Guest lecturer explores artistic representations of God's body
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In his guest lecture on Feb. 5 Professor Brent Strawn from Emory University elaborated on ancient artistic divine bodies and the separation between real, divine bodies, and the represented ones.
These artistic representations are often small, while in reality, divine beings are assumed - from ancient textual descriptions - as giant, and cosmic in scale. People have depicted many different versions of God’s body over the years, even though the second commandment warns against it. The second commandment states, "Thou shalt not make unto thee any graven image."
Strawn illuminated the fact that there are many misrepresentations of God. For example, in many children’s stories, the scene of God’s backside being shown to Moses is depicted as extremely literal and even humorous. It paints God as human-like, and small, not at all resembling his true nature.
Dr. Strawn challenged the idea of viewing these representations as violations of the second commandment by stating that we don’t actually know what this law is specifically about and what it applies to. Cultural context is incredibly important when deciphering laws of the Old Testament. Perhaps, the interpretation should not be applied to all art displays. In Moses’ time, things like the golden calf were idols that God was warning against. The art which represents divine beings might be taken less literally, and less offensively since many pieces simply resemble certain aspects of the nature of the divine beings.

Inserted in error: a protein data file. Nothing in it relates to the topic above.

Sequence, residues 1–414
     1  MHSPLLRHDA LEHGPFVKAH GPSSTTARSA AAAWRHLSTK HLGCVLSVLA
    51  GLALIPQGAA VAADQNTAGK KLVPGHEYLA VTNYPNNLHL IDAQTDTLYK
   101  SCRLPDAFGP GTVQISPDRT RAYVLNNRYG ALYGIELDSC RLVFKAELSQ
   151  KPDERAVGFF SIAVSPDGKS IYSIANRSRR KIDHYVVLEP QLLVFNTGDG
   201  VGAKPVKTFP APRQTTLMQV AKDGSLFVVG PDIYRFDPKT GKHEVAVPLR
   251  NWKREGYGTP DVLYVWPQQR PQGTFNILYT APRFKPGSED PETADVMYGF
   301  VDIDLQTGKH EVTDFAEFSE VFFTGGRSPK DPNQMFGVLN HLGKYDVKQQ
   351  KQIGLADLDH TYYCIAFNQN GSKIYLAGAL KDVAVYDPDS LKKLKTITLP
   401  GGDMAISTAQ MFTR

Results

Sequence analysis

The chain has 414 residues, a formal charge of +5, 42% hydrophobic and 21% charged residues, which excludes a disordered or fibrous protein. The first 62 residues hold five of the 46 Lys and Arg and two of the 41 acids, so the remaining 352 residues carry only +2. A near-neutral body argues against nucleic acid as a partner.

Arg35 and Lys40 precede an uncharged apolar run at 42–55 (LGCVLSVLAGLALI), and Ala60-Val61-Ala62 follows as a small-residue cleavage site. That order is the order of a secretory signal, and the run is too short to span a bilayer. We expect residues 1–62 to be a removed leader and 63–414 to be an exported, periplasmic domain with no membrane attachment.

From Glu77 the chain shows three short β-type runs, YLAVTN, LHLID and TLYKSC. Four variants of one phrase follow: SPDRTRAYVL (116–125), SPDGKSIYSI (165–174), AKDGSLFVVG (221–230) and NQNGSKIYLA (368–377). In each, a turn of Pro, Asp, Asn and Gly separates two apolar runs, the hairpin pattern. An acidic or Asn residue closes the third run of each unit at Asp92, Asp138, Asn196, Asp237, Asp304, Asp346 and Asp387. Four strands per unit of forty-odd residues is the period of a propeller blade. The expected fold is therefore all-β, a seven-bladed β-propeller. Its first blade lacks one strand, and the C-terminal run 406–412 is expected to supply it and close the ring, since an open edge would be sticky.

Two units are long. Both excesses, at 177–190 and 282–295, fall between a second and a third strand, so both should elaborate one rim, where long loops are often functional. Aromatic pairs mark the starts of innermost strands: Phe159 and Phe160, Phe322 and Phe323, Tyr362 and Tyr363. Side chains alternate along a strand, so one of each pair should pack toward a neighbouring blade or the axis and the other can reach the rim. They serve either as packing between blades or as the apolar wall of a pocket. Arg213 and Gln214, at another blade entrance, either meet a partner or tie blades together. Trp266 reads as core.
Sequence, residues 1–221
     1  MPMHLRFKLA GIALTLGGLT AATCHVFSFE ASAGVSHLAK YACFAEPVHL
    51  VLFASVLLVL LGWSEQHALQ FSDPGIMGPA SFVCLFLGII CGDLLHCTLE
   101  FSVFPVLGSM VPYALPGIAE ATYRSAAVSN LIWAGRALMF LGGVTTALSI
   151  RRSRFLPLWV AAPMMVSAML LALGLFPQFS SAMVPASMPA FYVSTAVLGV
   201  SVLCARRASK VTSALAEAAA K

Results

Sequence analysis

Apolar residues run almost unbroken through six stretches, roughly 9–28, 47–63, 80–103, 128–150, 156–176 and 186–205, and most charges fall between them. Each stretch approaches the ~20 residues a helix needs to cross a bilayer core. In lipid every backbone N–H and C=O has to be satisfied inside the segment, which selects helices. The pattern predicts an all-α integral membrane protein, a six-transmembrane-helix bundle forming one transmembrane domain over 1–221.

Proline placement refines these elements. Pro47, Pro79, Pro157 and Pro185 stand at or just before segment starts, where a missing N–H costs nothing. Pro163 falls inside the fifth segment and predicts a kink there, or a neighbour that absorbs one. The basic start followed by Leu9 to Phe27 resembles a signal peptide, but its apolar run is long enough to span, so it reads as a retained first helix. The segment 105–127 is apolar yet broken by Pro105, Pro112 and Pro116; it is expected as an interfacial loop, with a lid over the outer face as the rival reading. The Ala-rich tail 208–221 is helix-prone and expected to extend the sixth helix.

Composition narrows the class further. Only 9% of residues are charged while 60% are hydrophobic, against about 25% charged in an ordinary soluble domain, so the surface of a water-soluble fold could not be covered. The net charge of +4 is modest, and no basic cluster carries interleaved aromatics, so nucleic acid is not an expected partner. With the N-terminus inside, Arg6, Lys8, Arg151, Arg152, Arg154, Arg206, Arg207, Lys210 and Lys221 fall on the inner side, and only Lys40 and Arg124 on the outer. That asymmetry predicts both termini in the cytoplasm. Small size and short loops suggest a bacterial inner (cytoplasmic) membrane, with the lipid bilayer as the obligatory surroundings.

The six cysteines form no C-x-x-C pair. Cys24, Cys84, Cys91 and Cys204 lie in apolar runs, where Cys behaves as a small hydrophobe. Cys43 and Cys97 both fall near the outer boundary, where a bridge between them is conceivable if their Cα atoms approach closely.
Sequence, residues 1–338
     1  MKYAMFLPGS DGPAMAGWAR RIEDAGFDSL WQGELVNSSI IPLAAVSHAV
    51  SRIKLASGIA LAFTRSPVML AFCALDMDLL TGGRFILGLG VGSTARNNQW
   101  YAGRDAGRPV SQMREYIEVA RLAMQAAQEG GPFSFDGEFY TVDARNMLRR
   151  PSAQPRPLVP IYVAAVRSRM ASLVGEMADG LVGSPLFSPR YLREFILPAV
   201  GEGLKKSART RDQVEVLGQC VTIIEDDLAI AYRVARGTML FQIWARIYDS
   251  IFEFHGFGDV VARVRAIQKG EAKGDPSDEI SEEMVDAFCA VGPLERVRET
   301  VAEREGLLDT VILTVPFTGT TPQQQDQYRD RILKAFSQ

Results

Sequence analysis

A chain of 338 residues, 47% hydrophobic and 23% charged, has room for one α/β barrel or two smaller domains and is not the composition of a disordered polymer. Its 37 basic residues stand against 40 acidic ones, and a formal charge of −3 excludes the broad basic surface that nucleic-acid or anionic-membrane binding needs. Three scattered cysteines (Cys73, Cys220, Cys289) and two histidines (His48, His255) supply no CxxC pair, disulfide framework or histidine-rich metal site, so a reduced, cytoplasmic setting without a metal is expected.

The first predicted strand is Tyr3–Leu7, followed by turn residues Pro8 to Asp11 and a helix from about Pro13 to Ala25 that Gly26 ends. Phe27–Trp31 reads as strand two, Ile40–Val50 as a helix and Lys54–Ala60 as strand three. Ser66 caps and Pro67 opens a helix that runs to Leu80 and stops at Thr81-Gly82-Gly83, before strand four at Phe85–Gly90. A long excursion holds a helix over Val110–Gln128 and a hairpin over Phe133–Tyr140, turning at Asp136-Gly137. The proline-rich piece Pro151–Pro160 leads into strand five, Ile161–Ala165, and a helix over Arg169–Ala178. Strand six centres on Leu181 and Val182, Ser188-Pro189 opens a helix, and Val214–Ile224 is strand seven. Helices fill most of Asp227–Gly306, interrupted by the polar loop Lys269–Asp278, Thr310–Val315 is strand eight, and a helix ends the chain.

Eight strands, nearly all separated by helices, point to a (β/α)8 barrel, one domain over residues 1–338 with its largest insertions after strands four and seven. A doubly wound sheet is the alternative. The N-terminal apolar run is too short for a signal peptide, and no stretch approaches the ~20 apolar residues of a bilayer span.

Strawn structured his lecture upon four main points: The matter of comparison, the like and unlike of the actual deities, and the “is” and “is-not-ness” of metaphors in relation to these comparisons; the fuzziness of the metaphorical quality in question; metaphorical awareness, God’s body carrying over into the representations; metaphors and cognition which shape the way we speak of things through thinking.
His ideas on metaphors brought up some interesting points. These images of God, and other “deities,” may be metaphoric, or representational of their nature rather than an illustration of their true image. Strawn mentioned the importance of not confusing the infinite God with a finite image. Rather, he says, we should use the Bible as a locus of religious attention towards the infinite God. There is, as he states, infinite potential within the Bible. Whereas art, can often be finite and limited to our interpretations.
He says to use icons in the right way, as a means of describing certain aspects of God, but not in a way that would bring us under the judgement of the second commandment. The artistic representations of the divine bodies communicate something more material, such as nature, symbols, etc. The fascinating points Strawn touched on in his lecture brought much consideration and reflection on ancient artistic divine representations of deities.